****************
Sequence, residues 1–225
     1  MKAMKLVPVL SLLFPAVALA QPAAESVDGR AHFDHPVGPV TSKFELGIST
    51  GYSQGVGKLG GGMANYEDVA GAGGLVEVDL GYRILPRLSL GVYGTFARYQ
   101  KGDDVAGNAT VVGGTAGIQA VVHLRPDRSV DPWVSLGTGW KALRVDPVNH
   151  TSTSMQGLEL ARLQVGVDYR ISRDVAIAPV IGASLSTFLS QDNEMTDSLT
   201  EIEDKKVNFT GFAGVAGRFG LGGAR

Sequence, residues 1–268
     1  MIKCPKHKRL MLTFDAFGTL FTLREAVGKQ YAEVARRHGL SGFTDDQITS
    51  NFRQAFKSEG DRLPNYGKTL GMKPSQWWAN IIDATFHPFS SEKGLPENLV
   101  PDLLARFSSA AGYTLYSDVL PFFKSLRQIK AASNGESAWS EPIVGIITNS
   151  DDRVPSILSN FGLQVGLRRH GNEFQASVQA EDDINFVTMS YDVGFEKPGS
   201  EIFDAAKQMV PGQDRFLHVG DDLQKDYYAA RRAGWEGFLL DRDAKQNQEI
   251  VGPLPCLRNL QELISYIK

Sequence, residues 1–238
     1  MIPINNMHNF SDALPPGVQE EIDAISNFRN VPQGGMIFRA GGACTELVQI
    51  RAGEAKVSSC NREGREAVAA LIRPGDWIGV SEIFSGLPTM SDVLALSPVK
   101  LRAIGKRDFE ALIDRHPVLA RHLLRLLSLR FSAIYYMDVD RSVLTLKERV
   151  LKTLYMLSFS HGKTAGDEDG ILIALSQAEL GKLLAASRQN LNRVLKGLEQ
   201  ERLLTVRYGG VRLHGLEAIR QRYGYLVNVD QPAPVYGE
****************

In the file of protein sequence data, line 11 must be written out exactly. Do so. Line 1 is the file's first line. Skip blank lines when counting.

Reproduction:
   151  DDRVPSILSN FGLQVGLRRH GNEFQASVQA EDDINFVTMS YDVGFEKPGS